Politically correct millennials (and a few Gen-X/Y enablers) have turned stand-up comedy into a peanut-free play-date, a spindly shadow of its former raunchy, nicotine-stained self.
(According to “comedy nerds,” the more Patton Oswalt turns into a scolding teacher/cop, the more “brilliant” he apparently is. And don’t forget this guy.)
Each week seems to bring an earnest new dorm-room-debate of the “are jokes about Topic X ever acceptable?” variety.
Or worse, some comedian is forced to apologize for a joke that would’ve been cut from a Dean Martin Roast as too tame.
I figured this week’s non-issue was going to be “How Do You Tell a Story About Four Black Guys Mugging You Without Sounding Racist?”
I was prepared to loathe Phil Mazo’s bit, assuming he was just another grovelling liberal “open mic” beta male.
Then I watched this video.
I hope you will too.
It belongs in a time capsule marked “America: 2013.”
The most photographed murder in history also remains one of most contentious.
So it’s no surprise that almost no one can agree on exactly what happened at Dave Chappelle’s August 29 gig in Hartford, Connecticut, either, even though there’s some amateur video of the event, and eyewitnesses are trading conflicting stories (and insults) in comedy website comments sections.
You’ll read that Chappelle had a “meltdown” (Not quite.)
That he was “booed off the stage.” (Sort of.)
What most people can agree on is that by the time Chappelle, the headliner, came out on stage, many in the 30,000 (!) strong crowd were drunk and rowdy.
As has happened time and again with Chappelle, he became so irritated by audience members yelling out his old TV show catchphrase “I’m Rick James, bitch!!” (and even “We love you, Dave!”) that he felt he couldn’t go on with his act.
Instead of walking off stage, however, this time he explained that he wanted to get paid, so he would fulfill his contractual obligations to stay on stage for 25 minutes.
Chappelle then passed that time chatting with a woman in the audience about her self-published prison memoir, telling stories about other black stand-up comics who had to deal with rude audiences, and smoking.
(That last detail seems to have annoyed some eyewitnesses the most.)
He issued a final reprimand to the crowd and then walked off stage.
In a sane world, Chappelle’s tantrum would be a pretty minor story:
Another temperamental artiste throws a hissy fit.
The annals of opera are full of such tales.
But this is (as I mentioned earlier) America, 2013, so naturally Chappelle’s Hartford crackup is being held up as the latest evidence of — you guessed it — America’s intractable systemic racism!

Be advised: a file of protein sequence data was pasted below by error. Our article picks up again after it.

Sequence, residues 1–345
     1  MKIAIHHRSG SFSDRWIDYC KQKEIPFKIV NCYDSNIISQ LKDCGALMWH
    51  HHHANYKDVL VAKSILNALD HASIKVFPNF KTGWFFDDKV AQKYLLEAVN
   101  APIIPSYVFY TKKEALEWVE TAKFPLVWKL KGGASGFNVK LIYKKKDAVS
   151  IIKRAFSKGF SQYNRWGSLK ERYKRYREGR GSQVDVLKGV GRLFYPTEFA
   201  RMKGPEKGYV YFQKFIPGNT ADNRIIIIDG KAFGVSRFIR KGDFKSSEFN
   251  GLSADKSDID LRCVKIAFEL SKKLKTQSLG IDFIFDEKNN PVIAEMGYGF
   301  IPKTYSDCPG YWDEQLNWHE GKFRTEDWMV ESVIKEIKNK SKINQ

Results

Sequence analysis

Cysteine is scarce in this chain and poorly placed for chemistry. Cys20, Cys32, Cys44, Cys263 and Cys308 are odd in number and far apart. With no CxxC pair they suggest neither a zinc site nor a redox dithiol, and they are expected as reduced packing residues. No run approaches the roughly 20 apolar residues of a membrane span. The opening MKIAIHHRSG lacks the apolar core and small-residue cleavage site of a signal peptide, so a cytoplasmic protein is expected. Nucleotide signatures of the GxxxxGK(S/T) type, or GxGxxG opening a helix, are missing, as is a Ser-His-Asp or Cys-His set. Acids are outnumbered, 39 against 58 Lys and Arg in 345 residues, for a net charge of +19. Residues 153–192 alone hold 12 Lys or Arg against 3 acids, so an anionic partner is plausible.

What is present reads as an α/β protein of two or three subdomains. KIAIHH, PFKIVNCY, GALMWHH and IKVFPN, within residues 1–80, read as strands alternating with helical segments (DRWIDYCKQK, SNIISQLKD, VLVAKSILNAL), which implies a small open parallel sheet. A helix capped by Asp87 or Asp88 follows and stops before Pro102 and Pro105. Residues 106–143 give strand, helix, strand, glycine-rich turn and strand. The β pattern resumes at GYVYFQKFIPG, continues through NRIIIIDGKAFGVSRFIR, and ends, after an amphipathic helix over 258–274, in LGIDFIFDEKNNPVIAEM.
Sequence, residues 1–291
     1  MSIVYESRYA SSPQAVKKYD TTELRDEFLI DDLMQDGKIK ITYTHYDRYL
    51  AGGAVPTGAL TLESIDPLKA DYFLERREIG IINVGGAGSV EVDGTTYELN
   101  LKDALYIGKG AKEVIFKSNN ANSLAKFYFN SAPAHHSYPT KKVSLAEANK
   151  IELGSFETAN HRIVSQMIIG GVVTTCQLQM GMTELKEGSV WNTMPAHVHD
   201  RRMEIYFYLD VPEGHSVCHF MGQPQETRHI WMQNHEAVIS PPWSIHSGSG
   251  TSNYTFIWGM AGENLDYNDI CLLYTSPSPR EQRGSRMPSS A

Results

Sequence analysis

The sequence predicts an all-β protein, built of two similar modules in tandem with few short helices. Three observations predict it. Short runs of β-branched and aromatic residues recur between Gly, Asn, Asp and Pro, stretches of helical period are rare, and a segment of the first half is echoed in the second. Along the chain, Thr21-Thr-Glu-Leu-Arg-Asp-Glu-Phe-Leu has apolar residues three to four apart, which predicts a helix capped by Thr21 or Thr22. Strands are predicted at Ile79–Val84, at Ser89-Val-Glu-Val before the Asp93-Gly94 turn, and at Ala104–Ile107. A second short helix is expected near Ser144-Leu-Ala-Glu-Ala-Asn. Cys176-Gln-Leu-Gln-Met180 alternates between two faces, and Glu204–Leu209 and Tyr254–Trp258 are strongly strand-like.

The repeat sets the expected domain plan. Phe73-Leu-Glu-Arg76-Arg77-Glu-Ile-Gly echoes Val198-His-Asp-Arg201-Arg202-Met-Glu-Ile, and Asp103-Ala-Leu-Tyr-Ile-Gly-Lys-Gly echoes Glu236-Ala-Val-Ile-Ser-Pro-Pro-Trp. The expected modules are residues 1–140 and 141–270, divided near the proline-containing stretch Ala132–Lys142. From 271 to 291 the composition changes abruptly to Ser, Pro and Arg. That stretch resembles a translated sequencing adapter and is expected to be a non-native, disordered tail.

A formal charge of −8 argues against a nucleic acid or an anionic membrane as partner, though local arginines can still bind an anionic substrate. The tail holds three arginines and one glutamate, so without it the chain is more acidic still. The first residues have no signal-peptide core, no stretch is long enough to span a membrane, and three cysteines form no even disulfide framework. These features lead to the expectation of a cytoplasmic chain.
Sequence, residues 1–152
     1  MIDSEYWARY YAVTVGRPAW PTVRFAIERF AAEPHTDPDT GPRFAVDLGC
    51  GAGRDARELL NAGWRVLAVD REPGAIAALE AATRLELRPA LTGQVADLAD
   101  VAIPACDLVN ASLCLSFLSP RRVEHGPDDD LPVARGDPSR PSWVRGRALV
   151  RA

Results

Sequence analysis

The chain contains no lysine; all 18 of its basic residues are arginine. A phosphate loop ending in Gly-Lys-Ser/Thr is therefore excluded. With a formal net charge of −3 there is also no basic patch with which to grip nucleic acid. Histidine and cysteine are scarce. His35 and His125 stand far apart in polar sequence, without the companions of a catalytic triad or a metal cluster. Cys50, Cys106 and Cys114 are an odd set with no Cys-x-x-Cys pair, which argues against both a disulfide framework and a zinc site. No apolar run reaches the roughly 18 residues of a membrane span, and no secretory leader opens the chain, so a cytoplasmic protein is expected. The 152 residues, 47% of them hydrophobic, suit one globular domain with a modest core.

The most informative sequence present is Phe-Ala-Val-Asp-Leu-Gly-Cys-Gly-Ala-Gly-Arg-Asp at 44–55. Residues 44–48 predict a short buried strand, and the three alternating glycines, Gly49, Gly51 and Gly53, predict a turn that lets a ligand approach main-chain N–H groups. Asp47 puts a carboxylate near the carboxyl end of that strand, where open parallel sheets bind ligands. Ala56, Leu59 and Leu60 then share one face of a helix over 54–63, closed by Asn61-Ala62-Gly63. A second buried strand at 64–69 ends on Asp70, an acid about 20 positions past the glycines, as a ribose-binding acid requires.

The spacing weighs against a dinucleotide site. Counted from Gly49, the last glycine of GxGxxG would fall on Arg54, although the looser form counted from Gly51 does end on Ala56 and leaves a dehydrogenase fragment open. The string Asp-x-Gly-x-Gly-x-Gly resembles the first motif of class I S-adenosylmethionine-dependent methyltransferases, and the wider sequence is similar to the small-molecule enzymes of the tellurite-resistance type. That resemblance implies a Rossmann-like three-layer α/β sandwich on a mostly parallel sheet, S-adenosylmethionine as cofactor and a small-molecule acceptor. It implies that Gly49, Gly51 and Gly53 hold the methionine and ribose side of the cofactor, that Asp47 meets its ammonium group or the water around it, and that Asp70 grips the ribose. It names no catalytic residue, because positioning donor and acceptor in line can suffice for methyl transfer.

Leslie-Ann Lewis was at Chappelle’s Hartford gig.
She wrote about what she saw and heard in Ebony magazine:
I’m writing this to be fair: it needs to be written, it needs to be read. It needs to be understood.
Dave Chappelle walked off stage tonight and Black people understand why.
Being in that crowd, a sea of drunk White male faces and seeing Chappelle sit there and be jeered at made me uncomfortable. Heckling isn’t uncommon for comedians but often when a comedian as famous as Chappelle puts their foot down, it is usually respected.
Believe it or not, there are hundreds of more words after that.
Some of those words are “racist tropes,” “minstrel shows,” “shuck and jive” and “a Black artist shrugging the weight of White consumption.”
And that’s only on the first of two pages.
The only thing I found shocking about Lewis’s article is finding out that Ebony magazine is still around.
Honestly? I can’t think of much more to say.
I’m not black (and I’m not American) so I can’t pretend to really understand the country’s racial issues from the inside out.
I do know that, according to many of the comments I read (none of which were contradicted), many of the Hartford hecklers were black.
Since they’re one of the only voices of sanity in online comedy nerd-dom, I’ll give Brian McKim & Traci Skene at SHECKY magazine the last word:
If you can’t adequately deal with the adulation and the fanaticism of your supporters– and you simply can’t forego personal appearances– then you might have to huddle with creative types and/or trusted associates and figure out a way that enables you to present your comedy in a way that is satisfactory to you and your fans. Or you should quit.
James Taylor’s breakthrough hit was “Fire And Rain,” which detailed his battle with drug addiction, depression and the death of a close friend. It went on to be named one of Rolling Stone’s 500 greatest songs of all times. Taylor knew that he was “doomed” to perform the song for the rest of his career. He dealt with that by writing “That’s Why I’m Here.”
Oh, fortune and fame’s such a curious game
Perfect strangers can call you by name
Pay good money to hear fire and rain
Again and again and again
Some are like summer coming back every year
Got your baby got your blanket got your bucket of beer
I break into a grin from ear to ear
And suddenly it’s perfectly clear
That’s why I’m here
Singin tonight, tomorrow, everyday
That’s why I’m standing here
That’s why I’m here
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